Characterization of Extremity Wounds in Operation Iraqi Freedom and Operation Enduring Freedom


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Abstract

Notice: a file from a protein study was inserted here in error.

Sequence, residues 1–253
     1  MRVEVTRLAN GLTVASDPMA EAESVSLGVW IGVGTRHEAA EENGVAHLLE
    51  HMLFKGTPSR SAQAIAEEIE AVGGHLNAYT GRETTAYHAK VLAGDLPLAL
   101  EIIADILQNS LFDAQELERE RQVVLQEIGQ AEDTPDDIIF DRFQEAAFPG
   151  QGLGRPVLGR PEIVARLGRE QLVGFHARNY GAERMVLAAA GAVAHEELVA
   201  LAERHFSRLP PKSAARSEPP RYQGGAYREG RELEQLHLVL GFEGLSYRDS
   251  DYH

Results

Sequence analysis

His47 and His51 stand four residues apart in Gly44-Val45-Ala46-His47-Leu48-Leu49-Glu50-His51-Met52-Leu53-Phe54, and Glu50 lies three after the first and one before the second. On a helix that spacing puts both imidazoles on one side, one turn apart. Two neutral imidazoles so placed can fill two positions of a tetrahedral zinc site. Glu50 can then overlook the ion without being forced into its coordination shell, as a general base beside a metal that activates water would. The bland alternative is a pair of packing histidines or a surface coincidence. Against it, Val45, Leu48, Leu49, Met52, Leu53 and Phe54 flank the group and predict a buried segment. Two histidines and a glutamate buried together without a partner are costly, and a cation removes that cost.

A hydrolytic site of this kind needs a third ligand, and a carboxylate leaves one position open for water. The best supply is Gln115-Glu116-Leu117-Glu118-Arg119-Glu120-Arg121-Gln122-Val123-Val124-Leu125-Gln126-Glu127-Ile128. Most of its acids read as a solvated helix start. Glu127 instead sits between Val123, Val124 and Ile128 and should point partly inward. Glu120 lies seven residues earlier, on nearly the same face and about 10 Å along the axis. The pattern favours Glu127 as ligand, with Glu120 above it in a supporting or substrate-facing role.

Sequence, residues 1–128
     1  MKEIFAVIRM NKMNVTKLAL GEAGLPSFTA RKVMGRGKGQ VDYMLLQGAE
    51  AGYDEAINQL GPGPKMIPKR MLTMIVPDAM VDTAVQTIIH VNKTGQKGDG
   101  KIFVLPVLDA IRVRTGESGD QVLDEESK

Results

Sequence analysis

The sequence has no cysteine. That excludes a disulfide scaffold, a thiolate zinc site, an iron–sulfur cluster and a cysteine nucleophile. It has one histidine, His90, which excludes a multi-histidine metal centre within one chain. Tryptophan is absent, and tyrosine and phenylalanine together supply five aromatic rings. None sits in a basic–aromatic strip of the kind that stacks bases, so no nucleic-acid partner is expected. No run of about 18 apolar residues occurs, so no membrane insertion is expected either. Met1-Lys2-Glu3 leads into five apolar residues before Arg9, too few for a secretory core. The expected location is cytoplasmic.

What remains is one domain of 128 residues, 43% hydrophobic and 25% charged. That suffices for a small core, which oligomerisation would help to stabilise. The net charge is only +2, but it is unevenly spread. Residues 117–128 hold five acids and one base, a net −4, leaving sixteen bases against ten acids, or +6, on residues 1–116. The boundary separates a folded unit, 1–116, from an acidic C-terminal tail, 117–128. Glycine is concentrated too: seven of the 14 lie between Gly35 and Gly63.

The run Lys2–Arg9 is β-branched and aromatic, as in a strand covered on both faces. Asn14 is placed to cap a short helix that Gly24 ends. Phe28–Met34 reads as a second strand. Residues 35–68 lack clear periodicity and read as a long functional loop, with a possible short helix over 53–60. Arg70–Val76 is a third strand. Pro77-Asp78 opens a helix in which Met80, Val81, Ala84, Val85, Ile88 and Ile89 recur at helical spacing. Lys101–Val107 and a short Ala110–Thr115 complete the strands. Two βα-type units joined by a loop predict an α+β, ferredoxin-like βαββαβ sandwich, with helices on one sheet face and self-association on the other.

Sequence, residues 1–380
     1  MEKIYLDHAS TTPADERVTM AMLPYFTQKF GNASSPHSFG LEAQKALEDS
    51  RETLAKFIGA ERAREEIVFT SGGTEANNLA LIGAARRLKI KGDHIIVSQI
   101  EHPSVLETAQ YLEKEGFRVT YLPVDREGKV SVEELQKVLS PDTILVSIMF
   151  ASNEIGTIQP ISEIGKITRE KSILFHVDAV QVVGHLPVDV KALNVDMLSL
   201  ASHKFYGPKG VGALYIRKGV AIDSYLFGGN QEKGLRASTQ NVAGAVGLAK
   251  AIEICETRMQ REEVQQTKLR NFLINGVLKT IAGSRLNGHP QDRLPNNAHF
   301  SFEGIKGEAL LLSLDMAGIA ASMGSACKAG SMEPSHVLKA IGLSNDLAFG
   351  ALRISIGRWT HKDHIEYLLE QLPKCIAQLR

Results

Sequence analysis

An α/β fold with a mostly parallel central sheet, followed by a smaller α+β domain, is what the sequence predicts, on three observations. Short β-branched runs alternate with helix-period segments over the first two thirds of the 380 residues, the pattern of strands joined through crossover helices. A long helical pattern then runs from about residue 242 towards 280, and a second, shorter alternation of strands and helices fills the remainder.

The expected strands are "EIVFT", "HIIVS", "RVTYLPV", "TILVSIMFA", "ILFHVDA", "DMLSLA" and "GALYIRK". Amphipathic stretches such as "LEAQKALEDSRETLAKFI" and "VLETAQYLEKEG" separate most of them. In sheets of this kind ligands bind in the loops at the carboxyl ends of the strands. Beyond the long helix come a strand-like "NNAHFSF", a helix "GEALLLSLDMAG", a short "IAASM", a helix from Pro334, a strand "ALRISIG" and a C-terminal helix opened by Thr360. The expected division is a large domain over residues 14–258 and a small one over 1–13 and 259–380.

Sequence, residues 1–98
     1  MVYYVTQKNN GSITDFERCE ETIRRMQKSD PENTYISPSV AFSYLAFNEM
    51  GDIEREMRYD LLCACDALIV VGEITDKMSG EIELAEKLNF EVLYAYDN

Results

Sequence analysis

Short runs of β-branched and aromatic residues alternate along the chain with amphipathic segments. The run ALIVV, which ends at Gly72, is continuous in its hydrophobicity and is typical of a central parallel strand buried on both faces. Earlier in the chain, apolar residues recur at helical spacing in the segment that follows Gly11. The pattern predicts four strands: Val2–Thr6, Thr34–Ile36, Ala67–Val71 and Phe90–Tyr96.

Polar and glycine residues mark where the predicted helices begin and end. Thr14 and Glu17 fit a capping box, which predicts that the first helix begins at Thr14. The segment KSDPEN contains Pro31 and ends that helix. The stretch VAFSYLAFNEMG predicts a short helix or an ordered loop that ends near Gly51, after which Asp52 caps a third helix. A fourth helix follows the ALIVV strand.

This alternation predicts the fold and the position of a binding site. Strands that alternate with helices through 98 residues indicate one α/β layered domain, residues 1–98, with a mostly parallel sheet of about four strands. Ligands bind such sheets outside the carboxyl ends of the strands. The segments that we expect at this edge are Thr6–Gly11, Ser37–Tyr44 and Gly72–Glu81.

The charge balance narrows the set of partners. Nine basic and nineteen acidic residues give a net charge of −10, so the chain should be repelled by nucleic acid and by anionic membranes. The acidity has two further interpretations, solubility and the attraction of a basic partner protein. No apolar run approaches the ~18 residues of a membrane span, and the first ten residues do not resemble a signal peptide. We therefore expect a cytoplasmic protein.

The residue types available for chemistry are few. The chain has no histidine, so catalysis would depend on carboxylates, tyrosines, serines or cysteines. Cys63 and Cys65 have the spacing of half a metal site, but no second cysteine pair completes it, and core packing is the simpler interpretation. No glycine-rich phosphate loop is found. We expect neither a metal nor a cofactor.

Objectives:Extremity wounds and fractures traditionally comprise the majority of traumatic injuries in US armed conflicts. Little has been published regarding the extremity wounding patterns and fracture distribution in the current conflicts in Iraq and Afghanistan. The intent of this study was to describe the distribution of extremity fractures during this current conflict.Design:Descriptive epidemiologic study.Methods:The Joint Theater Trauma Registry was queried for all US service members receiving treatment for wounds (ICD-9 codes 800-960) sustained in Operation Iraqi Freedom (OIF) and Operation Enduring Freedom (OEF) from October 2001 through January 2005. Returned-to-duty and nonbattle injuries were excluded. Wounds were classified according to region and type. Extremity wounds were analyzed in detail and compared to published results from previous conflicts.Results:A total of 1281 soldiers sustained 3575 extremity combat wounds. Fifty-three percent of these were penetrating soft-tissue wounds and 26% were fractures. Of the 915 fractures, 758 (82%) were open fractures. The 915 fractures were evenly distributed between the upper (461, 50%) and lower extremities (454, 50%). The most common fracture in the upper extremity was in the hand (36%) and in the lower extremity was the tibia and fibula (48%). Explosive munitions accounted for 75% of the mechanisms of injury.Conclusions:The burden of wounds sustained in OIF/OEF is extremity injuries, specifically soft-tissue wounds and fractures. These results are similar to the reported casualties from previous wars.

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